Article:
Local film stars butterflies

2016-12-02 10:32
Clive Curtis at work, photographing larvae in his garden in Howick.

Clive Curtis at work, photographing larvae in his garden in Howick. (Ian Carbutt)

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A Howick man is putting the final touches on the country’s first documentary on South African butterflies.

Howick local Clive Curtis of the Lepidopterist (the study of moths and butterflies) Society of Africa began filming the documentary in 2012 in a bid to bridge the gap between the knowledge about butterflies among ordinary citizens and scientists.

Curtis’s love for butterflies and insects started when he was 10 years old and living on a farm in Otto’s Bluff with his family.

Soon, his interest in butterflies grew and he began collecting them and reading up on different species and their habitats.

In 2002, Curtis started work as a field guide, compiling species guides for KwaZulu-Natal game reserves.

While working as a field guide, he said he started filming safaris and expeditions for clients, and once he realised that the general public did not have a lot of information on the winged creatures, he decided to “bridge the gap” by making a documentary.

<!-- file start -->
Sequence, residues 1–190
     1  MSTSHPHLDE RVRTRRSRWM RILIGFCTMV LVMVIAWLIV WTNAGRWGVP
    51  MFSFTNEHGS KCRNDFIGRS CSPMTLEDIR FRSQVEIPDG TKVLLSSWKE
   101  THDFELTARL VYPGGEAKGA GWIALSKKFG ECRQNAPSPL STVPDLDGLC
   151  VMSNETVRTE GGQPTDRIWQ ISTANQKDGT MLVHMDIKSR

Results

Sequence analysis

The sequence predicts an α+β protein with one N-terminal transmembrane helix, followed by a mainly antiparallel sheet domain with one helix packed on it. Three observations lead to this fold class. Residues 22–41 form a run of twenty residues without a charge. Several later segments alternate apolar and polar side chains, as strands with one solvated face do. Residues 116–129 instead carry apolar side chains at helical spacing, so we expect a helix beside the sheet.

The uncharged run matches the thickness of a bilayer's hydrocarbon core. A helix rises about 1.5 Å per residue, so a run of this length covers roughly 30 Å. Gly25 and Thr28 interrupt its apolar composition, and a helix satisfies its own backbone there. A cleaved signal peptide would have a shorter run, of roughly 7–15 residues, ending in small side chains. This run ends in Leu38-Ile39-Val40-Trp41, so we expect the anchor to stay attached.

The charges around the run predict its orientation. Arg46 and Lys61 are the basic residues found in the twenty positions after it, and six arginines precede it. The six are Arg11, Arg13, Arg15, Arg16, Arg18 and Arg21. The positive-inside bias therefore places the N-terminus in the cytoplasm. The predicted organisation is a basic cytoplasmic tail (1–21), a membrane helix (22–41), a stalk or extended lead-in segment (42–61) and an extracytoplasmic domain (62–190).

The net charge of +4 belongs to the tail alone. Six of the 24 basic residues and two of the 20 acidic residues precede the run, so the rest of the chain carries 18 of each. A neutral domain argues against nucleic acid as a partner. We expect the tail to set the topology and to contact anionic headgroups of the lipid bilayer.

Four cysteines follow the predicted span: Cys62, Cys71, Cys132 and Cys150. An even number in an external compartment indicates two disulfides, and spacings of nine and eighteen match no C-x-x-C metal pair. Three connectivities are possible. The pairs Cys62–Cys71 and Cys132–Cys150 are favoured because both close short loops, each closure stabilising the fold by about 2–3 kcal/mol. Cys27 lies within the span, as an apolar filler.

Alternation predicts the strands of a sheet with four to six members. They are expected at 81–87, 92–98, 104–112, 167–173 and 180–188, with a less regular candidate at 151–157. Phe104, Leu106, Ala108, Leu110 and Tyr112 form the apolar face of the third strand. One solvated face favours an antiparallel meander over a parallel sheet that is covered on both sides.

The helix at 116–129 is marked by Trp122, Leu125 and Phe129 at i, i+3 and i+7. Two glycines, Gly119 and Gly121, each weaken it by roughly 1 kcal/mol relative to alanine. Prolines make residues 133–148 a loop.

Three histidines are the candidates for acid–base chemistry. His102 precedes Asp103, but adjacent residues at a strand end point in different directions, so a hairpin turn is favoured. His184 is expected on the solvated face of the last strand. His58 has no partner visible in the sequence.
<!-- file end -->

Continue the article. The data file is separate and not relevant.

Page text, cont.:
In 2012, he started gathering footage of common and rare butterflies from the foothills of the Drakensberg, to Kar­kloof and even Pietermaritzburg’s Butterflies for Africa facility.

He said the documentary would enable people to view footage of different butterflies’ behaviour that had not been caught on film before.

“I wanted to make something interesting, especially since there are no documentaries on South African butterflies,” he said.

Curtis said people are more aware of conservation with a boom in cultivating mostly indigenous gardens.

The documentary will provide information on what plants attract which butterflies as well as fill the “void” of information with field guides in reserves, he said.

“The documentary takes a look at the general butterfly ecology.

“It looks at their lives from start to finish, as well as interesting facts about different species.

“It will look at how to identify different butterflies, where to look for them and their habitats from coastal forests to high-altitude grasslands,” he said.

Curtis said the film will also explain the difference between moths and butterflies, look at conservation models for rare butterflies and give an overview of their lives.

“The majority of the documentary was filmed in the Midlands, as well as the Kalahari, the North Coast of KZN, Mpumalanga and Limpopo.

“I love being in wild places and to go in search of butterflies, especially the rarer species, is a challenge.

“It is also an excuse to go to places you would not usually go.”

He said there are numerous scenes in the documentary that have “never been filmed or photographed” before.

The documentary should be ready for release in March next year with a percentage of the proceeds going to butterfly conservation projects, he said.

For a sneak peak of the documentary, follow South African Butterflies — The Journey of a Documentary on Facebook.

Read more on:    pietermaritzburg  |  documentaries

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